At land, sea and air borders around the world, undocumented migrants experience discrimination, violence or other rights violations. These include arbitrary decision making, unlawful profiling, disproportionate interference with the right to privacy, violent and dangerous interception practices, illegal deportations, and prolonged, systematic or arbitrary detention. International border zones are not exempt from the law, including human rights obligations. National authorities have the duty to fulfil the fundamental rights of all migrants. Migration management in Europe primarily focuses on controlling migration and deterring irregular migration. Over recent years, extensive operations, both within and at the external borders of the European Union’s territory, have aimed at apprehending and detaining undocumented migrants, and enforcing deportations. In this context, detention of migrants is frequently used systematically; it is often arbitrary and unlawful. Migrant children and their families are also detained, contrary to international child rights standards that state a child should never be detained for migration control purposes, nor separated from their family. Procedural rights in immigration detention are usually limited. There is often much less involvement of judges in making and reviewing decisions to detain migrants than people in the criminal justice system. Civil society also has very limited access to the centres. This makes it difficult to ensure decisions are lawful, detained migrants are able to challenge their detention and any rights violations, and independent monitoring of conditions in the detention. Migrants in detention may face serious human rights violations. Women and children are especially vulnerable to violence and abuse in places of immigration detention. Studies have shown that even short periods of immigration detention can have long-term impacts on physical and mental health.
PICUM is working collaboratively – with a range of organisations and institutions involved in human rights, migrants’ rights, children’s rights, health, education and social inclusion – to call on the European Union and its member states to ensure fundamental rights at its borders.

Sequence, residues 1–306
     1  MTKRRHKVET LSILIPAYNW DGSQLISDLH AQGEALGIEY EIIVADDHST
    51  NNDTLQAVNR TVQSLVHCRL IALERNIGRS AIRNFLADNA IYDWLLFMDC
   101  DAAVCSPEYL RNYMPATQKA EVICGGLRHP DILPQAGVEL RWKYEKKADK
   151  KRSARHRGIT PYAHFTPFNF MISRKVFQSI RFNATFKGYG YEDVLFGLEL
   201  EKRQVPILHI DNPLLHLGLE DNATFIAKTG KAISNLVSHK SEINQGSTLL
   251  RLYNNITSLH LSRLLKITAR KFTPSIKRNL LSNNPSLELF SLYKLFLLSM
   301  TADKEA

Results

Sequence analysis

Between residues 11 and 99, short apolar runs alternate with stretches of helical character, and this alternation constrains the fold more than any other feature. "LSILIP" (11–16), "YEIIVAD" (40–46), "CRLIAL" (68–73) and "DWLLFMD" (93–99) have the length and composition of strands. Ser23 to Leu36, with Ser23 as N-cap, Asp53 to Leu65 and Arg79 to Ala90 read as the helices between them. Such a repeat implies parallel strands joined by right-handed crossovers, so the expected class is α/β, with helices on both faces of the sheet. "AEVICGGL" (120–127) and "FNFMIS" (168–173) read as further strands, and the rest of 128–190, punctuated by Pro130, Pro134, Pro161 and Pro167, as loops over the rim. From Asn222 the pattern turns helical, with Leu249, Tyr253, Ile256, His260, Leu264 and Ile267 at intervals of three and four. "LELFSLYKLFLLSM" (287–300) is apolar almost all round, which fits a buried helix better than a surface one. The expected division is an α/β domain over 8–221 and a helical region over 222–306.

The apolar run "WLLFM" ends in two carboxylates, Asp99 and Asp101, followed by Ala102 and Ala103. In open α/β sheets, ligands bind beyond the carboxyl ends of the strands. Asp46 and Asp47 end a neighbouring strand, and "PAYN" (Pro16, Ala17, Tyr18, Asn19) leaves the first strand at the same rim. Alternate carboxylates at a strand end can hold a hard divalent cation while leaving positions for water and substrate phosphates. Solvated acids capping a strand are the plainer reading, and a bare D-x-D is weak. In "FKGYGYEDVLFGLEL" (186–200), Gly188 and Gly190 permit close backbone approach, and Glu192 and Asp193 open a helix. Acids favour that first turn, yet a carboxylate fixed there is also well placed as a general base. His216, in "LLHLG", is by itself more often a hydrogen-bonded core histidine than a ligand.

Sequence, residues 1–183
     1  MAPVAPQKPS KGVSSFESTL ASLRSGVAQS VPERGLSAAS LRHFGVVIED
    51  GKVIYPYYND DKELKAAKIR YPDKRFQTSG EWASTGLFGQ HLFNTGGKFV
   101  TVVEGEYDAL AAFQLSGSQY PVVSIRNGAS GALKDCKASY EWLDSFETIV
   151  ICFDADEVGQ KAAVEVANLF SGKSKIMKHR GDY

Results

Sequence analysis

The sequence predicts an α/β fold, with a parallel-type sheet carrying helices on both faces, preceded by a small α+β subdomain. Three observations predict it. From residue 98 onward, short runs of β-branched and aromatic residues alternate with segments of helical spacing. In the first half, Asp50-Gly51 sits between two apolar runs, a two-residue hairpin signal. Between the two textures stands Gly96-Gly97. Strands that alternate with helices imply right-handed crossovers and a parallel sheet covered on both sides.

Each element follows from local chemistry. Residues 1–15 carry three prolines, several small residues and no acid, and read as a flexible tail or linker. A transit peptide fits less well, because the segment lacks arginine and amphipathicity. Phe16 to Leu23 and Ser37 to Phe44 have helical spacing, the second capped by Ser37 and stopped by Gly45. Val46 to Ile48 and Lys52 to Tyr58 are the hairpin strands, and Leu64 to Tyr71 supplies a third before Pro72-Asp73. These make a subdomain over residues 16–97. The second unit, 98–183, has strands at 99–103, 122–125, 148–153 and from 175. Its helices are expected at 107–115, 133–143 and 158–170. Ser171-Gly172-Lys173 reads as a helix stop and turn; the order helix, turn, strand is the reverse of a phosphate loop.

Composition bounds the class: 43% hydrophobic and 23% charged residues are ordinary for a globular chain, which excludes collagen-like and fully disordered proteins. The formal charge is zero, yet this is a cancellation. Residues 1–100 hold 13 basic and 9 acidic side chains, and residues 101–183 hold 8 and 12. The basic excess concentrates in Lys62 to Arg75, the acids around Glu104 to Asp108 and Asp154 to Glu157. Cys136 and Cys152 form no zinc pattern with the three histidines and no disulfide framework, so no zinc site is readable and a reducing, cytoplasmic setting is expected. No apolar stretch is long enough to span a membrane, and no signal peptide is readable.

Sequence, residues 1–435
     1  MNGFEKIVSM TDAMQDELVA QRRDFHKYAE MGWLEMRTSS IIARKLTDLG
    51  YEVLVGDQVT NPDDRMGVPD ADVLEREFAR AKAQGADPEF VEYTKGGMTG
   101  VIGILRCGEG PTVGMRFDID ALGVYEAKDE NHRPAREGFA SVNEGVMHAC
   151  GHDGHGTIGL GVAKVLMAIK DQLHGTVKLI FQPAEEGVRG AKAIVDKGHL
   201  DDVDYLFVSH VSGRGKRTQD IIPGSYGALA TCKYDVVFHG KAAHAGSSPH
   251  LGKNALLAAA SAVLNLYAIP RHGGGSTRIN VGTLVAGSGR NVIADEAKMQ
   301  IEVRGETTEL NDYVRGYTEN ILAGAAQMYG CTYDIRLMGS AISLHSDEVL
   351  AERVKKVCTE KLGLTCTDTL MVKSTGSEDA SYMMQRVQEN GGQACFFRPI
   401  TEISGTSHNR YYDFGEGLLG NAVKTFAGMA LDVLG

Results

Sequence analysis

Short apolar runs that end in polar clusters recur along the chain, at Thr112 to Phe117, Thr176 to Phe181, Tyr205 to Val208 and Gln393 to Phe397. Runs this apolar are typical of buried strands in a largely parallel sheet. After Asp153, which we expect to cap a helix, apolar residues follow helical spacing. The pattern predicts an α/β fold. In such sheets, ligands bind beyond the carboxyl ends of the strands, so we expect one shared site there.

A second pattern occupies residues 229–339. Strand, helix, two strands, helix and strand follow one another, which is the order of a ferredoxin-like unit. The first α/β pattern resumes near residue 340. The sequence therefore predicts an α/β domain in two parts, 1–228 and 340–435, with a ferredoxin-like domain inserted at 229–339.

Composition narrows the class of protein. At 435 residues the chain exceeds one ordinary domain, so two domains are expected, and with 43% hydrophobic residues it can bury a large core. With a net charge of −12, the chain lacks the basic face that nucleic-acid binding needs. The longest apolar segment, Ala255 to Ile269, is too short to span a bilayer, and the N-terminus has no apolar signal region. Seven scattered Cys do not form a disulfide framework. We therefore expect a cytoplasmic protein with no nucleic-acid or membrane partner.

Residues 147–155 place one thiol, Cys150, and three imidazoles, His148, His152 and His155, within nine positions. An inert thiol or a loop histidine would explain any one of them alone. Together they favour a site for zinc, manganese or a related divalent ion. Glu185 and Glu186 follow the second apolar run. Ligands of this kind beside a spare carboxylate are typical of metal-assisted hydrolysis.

- Human rights should always be central in law, policies and practices concerning migration management. Enforcement policies should ensure migrants’ fundamental rights through independent and systematic monitoring of apprehension, detention and deportation procedures
- Viable alternatives to detention should be promoted and adopted. The use of detention for migration control purposes deprives people of their liberty for the administrative convenience of states and frequently violates migrants’ human rights.
- Children should never be detained. The UN Committee on the Rights of the Child has stated that the detention of a child because of their or their parent’s migration status always constitutes a child rights violation and contravenes the principle of the best interests of the child.
- Procedural safeguards and access to justice should be ensured for all migrants in apprehension, detention and deportation procedures.
- Migrants who cannot be deported should not be detained and should be granted residence status. Migrants who cannot return to their country of origin or be deported should be granted access to a regular residence status and access to social services, including housing, health care and education.
- A clear firewall should be established between processes of detection and apprehension of undocumented migrants and access to services, protection and justice. Detection and apprehension processes should not result in violations of migrants’ rights.